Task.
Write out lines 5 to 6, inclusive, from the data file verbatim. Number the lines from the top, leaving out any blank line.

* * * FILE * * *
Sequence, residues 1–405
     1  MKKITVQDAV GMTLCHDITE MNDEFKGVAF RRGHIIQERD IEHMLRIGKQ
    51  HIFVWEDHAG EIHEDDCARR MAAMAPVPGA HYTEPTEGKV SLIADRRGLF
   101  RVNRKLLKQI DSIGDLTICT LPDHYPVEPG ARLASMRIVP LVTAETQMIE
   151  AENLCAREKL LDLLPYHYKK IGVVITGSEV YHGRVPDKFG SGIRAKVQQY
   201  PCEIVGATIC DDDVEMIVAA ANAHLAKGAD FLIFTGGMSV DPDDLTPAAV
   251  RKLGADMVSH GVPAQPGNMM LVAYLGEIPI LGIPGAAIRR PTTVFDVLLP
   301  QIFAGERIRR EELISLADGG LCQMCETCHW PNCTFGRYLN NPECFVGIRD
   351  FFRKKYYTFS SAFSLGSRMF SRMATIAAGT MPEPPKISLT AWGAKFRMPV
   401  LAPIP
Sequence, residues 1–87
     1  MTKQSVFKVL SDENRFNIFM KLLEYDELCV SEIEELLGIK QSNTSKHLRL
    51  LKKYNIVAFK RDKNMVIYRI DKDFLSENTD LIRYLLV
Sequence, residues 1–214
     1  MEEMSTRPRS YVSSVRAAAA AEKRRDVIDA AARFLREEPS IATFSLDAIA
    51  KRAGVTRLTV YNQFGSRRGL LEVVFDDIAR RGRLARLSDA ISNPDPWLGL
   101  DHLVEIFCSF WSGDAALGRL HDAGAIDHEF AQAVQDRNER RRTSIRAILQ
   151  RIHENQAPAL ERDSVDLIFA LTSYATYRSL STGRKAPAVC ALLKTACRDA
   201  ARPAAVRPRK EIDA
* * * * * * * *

   151  AENLCAREKL LDLLPYHYKK IGVVITGSEV YHGRVPDKFG SGIRAKVQQY
   201  PCEIVGATIC DDDVEMIVAA ANAHLAKGAD FLIFTGGMSV DPDDLTPAAV